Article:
Rep. Phil King Takes a Stand for Free Markets and Fair Competition Files HB-1872 to Eliminate Loophole Favoring Some Family Businesses Over Others

AUSTIN –On Tuesday, February 14, State Representative Phil King (R-Weatherford) filed HB-1872 to eliminate an anti-competitive, outdated provision of the Texas Alcoholic Beverage Code (TABC) that for generations has unfairly granted some families the ability to own an unlimited number of liquor stores, while restricting others to a maximum of five.

“Texans for Consumer Freedom (TCF) commends Representative King for standing up for fair competition by eliminating a preferential loophole that has given a handful of privileged liquor store owners greater access to the market, sheltered them from competition, and restricted consumer choice,” said Travis Thomas, spokesman for TCF.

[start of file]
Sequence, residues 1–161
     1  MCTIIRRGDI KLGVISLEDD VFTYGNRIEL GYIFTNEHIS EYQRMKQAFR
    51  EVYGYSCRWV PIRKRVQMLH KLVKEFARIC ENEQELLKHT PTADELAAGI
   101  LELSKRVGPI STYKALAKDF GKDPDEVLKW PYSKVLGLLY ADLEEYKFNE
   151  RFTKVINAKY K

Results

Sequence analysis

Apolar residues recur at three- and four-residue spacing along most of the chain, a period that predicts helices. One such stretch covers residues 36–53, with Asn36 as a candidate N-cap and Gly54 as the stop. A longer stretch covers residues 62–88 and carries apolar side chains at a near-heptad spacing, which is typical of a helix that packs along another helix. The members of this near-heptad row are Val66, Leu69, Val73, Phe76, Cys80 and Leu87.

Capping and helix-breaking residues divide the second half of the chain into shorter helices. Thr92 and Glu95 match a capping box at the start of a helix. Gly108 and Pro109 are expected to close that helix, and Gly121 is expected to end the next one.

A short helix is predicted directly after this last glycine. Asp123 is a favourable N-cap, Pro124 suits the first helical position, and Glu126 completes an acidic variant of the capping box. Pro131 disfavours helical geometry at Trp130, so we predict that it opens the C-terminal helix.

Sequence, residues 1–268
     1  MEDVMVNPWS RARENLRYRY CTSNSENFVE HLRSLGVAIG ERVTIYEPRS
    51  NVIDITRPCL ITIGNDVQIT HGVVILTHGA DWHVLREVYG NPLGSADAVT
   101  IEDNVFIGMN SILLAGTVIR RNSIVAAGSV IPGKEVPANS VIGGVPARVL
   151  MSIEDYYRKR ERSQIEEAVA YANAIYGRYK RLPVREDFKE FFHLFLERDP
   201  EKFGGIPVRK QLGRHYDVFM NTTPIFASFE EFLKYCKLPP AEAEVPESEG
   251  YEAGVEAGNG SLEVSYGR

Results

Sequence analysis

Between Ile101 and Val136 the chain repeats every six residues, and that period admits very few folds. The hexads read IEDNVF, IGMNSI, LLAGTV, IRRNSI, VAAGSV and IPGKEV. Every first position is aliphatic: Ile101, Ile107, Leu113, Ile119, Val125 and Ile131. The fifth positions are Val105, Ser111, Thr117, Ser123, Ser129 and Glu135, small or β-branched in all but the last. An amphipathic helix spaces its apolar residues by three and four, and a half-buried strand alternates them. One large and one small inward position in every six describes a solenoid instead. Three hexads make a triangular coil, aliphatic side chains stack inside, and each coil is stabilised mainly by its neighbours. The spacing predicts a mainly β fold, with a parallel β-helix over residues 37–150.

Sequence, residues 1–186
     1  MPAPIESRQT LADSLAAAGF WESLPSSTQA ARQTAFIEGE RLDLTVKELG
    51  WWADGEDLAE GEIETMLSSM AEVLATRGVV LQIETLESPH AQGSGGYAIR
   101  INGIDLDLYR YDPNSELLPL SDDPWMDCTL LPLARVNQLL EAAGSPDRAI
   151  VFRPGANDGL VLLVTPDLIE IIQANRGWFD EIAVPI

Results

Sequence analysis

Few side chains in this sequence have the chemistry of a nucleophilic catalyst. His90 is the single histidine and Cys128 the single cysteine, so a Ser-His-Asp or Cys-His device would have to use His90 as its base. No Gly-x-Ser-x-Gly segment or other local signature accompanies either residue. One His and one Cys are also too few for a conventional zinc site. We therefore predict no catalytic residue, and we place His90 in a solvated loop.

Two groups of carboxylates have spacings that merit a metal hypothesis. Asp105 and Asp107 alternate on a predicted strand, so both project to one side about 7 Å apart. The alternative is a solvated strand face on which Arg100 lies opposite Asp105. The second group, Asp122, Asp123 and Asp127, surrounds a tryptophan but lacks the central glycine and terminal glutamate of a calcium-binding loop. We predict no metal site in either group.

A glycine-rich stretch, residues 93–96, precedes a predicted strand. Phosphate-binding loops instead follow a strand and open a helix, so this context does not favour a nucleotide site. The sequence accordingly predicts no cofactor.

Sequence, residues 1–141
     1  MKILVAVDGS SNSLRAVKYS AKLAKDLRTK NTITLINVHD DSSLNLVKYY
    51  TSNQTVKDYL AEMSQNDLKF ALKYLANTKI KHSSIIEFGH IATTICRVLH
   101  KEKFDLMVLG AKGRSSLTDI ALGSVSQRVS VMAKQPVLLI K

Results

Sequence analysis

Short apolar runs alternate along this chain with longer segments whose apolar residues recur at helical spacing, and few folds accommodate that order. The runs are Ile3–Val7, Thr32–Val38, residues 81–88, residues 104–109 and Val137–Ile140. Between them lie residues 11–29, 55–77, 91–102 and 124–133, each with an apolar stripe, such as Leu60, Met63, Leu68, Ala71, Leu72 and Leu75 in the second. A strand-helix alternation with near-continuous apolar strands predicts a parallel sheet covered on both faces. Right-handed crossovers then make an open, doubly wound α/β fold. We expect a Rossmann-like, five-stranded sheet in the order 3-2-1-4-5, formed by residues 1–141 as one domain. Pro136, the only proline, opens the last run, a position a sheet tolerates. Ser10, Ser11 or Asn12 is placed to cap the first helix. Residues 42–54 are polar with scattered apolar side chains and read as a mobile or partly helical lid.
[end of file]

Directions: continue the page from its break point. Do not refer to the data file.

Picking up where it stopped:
The Texas Alcoholic Beverage Code limits the number of package store permits to no more than five per person. However, a glaring loophole in the law has allowed immediate family members of liquor store owners to consolidate their permits under a holding company and acquire an unlimited number of additional permits.

In other words, Texas treats liquor store ownership rights differently, depending on an applicant’s family tree. Those who do not have family members with whom to consolidate their permits are not allowed to expand beyond five stores. Those who do may expand without limit. This is how the families who own liquor store chains such as Spec’s (163 stores), Twin Liquors (80 stores), Western Beverage (63 stores), and Gabriel’s (49 stores) have amassed hundreds of liquor stores that dominate regional markets.

Thomas went on to say, “It is unacceptable that for generations the State of Texas has provided some families greater access to the market than others. Loophole families control 83 percent of the San Antonio retail liquor market, 80 percent of the Rio Grande Valley market, 76 percent of the Dallas market, and 74 percent of the  Austin market.  This unjust law must be eliminated to allow for fair competition in Texas.”


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